Interview: Marc Dubois

Humanitarian assistance is above politics, says the Médecins Sans Frontières’ UK chief


A MSF doctor at work. “We have to be trusted,” says Marc DuBois

A MSF doctor at work. “We have to be trusted,” says Marc DuBois

Whenever there is a humanitarian crisis, the international aid organisation, Médecins Sans Frontières (MSF), needs to find the resources to provide emergency care for those in need. Currently the organisation is active in more than 60 countries around the world and its resources are stretched, so you would think that MSF's Jewish UK executive director, Marc DuBois, would be lobbying the government to provide more assistance in these countries. However the Philadelphia-born aid worker has found himself in the unusual position of opposing government-sponsored medical aid.

The organisation was forced to withdraw from Afghanistan in 2004 when four of its staff were murdered. It has recently moved back into the country, but DuBois is concerned that the UK government has announced a policy linking humanitarian aid to its foreign policy aims. He says: "In Afghanistan, the military's provincial reconstruction teams have been building healthcare facilities. It sounds almost absurd for a medical aid organisation to be opposed to that. But what we see are the consequences - that the aid becomes politicised and the healthcare becomes compromised. People on the ground are afraid to attend those facilities because they are scared that if they do it might be seen as collaborating with the enemy. When the delivery of healthcare is placed in the service of military and political objectives, it makes it harder for us to treat a sick child."

DuBois is also worried that his workers and those in most need of medical care may become targets if they are wrongly identified as having links with a belligerent party. "We have to be trusted. Our neutrality and our independence should be an effective shield for us. We should be able to drive out there in the middle of a battle and not have people shooting at us. But this does not always happen. Everyone uses white vehicles. At times we painted our Landcruisers pink just to distinguish them."

It is not only in Afghanistan that MSF has to walk a political tightrope in order to deliver aid. It is a pressing issue in Gaza and the West Bank, too. And to maintain its emergency services for the needy, it has to maintain a dialogue with all parties. "We don't distinguish between good actors and bad actors. We negotiate with Hamas, Fatah, the Israeli Defence Force and the Jordanians, just so that we can treat people in need."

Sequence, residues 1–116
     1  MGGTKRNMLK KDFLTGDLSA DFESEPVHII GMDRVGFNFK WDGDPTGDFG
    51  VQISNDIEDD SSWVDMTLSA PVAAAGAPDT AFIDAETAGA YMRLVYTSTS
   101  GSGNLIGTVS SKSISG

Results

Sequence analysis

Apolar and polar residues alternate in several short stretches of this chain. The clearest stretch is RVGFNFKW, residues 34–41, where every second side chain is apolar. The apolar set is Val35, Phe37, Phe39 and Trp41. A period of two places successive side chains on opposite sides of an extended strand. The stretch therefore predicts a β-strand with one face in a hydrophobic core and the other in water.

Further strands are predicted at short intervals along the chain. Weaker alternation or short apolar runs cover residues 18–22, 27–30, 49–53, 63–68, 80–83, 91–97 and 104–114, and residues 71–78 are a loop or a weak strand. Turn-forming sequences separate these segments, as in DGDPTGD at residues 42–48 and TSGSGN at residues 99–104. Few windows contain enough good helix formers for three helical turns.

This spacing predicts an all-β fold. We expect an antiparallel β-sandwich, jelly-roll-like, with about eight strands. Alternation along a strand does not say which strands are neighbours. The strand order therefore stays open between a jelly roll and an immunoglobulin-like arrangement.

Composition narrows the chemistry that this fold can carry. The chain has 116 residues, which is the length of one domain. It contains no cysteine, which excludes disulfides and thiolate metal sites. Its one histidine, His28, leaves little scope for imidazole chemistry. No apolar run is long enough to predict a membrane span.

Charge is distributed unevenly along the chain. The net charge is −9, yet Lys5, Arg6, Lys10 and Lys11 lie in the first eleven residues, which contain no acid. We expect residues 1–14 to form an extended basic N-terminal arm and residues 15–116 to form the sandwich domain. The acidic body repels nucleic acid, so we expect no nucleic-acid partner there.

DuBois acknowledges that it would be politically complicated if for some reason MSF had to respond to an emergency in Israel. "I don't think that would happen because Israel has a world-class healthcare system. Having said that, the whole point about humanitarian aid is to be able to respond to a human in distress. It shouldn't matter if they are Jewish or Arab or if they have political beliefs with which you disagree. We responded in Rwanda to genocide against the Tutsis and then when the situation changed, we were in the camps treating the Hutus."

So, on what grounds does MSF decide to become involved? DuBois ponders: "There's no precise formula. What you look for is a population in crisis. There are needs everywhere but a crisis is something different. Haiti is the classic example of a nation in crisis without a proper healthcare system.

"Our niche is to some extent to put a Band-Aid on things. It sounds terrible but if your child has malaria, you don't need the whole situation fixed, you need treatment for your child."

DuBois, who read philosophy at Yale before joining the US Peace Corps to work in the African state of Burkina Faso, became fascinated by the advocacy side of international aid. After working for four years in a law centre in New Orleans, he joined MSF in 1999, with a particular interest in bearing witness to the suffering of people in danger. This is where MSF's policies are different from those of, for example, the International Red Cross, which practises a quieter, more discreet type of diplomacy.

But DuBois insists that MSF is political only when it needs to be. "We take a position only when a situation is unacceptable - where we are witnessing a mass violation of human rights. Then it is our duty to speak out."

    Last updated: 3:11pm, December 9 2010